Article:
Who owns Street Art?

deTour curated by: Unimelb, 2015

The Yarra council is currently considering leading street art tours in the city. This has sparked debate about the implications of government-organized displays of street art, and made me wonder: Who does street art belong to? Copyright laws in Australia define the work as the artists’ intellectual property, but the rules concerning who can do what to the artwork depend on the circumstances. On this tour around Melbourne, I will look at a variety of perspectives on who owns street art.

Locations for deTour

Imagine yourself in a public library and you step away from the desk to search for a book. When you return, you realise the watch you left on the desk is missing. Whoever took your watch stole from you, not from the library, although it was a public,…

Some building owners have embraced street art in an attempt to control the representations on their property. Private owners are commissioning street artists to do work for them legally. They might be homeowners wanting to cover up unwanted street…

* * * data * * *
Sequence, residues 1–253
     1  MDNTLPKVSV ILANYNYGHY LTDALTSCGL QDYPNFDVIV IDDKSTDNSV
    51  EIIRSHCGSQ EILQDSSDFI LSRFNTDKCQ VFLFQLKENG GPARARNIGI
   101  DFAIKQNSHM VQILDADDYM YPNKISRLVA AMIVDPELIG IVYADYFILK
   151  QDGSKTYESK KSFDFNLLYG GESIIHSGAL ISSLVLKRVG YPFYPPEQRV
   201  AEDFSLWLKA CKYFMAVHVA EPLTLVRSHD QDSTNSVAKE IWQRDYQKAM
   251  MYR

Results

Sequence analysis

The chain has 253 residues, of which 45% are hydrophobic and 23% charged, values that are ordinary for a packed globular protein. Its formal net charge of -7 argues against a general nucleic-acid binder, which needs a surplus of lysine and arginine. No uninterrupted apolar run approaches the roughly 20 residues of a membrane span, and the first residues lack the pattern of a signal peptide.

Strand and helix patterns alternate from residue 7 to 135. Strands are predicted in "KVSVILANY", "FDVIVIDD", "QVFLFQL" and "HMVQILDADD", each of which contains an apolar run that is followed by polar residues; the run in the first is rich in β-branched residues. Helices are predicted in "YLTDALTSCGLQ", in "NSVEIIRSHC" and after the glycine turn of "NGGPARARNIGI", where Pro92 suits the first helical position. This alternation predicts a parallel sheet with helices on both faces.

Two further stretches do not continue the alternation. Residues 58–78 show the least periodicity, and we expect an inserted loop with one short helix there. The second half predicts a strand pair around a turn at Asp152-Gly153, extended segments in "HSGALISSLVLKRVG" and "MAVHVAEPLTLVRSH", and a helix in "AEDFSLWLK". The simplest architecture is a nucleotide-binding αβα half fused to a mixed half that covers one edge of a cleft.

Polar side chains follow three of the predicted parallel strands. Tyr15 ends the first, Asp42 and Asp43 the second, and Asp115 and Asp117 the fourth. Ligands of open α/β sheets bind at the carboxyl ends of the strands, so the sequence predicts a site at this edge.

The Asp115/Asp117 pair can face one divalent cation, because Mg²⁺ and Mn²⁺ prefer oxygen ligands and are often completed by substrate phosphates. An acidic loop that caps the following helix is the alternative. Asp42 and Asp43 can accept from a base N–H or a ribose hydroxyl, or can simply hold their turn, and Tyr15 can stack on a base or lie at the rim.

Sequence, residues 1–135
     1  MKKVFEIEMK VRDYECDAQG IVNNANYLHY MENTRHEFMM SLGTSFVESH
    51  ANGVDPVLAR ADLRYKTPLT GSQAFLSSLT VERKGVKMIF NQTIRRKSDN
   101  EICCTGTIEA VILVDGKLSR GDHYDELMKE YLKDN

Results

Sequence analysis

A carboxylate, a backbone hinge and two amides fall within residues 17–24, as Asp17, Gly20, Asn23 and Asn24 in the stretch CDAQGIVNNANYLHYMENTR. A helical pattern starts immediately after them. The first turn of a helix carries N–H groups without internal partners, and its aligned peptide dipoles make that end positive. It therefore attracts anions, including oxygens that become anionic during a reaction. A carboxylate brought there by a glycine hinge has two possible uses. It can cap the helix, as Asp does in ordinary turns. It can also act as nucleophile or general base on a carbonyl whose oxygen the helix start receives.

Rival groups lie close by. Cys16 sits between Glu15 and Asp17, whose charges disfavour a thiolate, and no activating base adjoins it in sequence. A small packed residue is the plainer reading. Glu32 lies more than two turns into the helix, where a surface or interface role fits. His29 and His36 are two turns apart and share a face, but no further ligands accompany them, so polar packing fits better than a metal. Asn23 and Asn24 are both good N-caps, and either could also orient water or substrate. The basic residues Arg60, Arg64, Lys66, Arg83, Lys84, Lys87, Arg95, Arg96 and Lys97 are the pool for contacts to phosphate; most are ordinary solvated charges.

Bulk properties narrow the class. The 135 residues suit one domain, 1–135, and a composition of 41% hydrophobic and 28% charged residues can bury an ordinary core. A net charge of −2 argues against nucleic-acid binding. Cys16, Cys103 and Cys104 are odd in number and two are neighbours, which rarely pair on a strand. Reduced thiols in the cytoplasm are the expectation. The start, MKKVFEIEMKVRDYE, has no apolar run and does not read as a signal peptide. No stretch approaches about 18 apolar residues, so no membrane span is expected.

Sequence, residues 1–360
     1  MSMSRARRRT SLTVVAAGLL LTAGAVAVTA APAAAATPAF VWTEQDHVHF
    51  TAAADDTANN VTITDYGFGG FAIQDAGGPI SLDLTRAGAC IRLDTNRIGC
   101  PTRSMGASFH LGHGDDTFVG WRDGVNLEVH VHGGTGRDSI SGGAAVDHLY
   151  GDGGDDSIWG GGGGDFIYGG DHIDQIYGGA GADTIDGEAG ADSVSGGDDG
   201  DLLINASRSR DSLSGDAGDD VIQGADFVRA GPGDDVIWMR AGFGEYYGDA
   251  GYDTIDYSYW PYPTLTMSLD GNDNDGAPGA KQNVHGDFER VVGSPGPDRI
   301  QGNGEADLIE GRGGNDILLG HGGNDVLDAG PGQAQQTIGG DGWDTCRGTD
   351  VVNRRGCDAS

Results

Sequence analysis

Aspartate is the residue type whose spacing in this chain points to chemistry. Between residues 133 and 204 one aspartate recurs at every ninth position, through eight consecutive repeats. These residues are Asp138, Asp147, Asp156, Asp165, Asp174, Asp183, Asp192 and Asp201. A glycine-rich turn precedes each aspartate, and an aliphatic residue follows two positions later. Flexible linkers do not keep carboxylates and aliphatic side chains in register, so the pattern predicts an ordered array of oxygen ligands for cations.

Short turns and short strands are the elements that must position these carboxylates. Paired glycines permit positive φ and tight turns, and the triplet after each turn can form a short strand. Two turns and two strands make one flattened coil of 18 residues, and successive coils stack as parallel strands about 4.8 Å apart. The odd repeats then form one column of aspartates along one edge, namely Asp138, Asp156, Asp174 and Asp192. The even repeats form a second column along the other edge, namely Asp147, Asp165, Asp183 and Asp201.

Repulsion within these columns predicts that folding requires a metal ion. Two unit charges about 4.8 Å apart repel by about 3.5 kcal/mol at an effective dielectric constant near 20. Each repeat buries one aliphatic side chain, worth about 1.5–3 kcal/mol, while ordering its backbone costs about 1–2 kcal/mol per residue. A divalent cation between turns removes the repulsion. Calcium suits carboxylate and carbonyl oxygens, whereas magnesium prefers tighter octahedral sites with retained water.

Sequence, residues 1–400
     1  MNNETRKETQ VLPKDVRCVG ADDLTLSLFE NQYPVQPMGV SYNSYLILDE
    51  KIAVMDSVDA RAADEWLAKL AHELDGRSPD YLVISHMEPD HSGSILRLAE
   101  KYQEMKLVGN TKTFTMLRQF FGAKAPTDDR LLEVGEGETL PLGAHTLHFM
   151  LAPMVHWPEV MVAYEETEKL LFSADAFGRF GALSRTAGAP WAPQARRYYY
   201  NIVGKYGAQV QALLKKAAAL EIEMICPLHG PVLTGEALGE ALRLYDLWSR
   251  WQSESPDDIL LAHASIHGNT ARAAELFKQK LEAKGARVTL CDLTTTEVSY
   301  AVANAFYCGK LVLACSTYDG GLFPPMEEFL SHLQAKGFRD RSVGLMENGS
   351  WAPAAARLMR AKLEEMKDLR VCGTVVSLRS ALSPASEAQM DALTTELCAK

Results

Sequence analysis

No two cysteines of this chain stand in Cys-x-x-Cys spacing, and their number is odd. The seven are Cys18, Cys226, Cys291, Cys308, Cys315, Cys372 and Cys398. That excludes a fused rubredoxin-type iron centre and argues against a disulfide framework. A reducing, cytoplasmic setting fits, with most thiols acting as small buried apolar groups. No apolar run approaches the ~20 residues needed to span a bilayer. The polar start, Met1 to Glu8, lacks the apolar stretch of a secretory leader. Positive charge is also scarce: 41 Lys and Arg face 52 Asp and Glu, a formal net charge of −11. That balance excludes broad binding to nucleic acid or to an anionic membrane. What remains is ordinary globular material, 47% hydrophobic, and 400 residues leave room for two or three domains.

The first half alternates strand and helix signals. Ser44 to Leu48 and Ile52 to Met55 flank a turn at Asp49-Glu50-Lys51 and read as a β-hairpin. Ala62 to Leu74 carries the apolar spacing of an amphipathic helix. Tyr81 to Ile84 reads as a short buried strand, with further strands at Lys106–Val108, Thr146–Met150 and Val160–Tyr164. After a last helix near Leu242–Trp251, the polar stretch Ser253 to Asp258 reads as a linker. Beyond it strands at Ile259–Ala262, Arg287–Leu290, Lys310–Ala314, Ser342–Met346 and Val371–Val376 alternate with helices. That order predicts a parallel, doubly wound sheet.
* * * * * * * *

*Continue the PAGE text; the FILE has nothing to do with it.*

Not all building owners are so receptive of street art. However, this doesn’t deter street artists from decorating their walls with paint, paste-ups, and stickers. Whether unwanted or appreciated, the building owner has ownership of the physical…

In any discussion about the value of street art, the value to the community is normally mentioned. Advocates of street art will explain how it enhances the community and is created for them to appreciate, and critics will explain how street art is…

What about when the street art is illegally on government-funded and owned property? While the work is the intellectual property of the artist, the government owns the bridge itself and can alter its appearance afterwards to cover up the tags. They…
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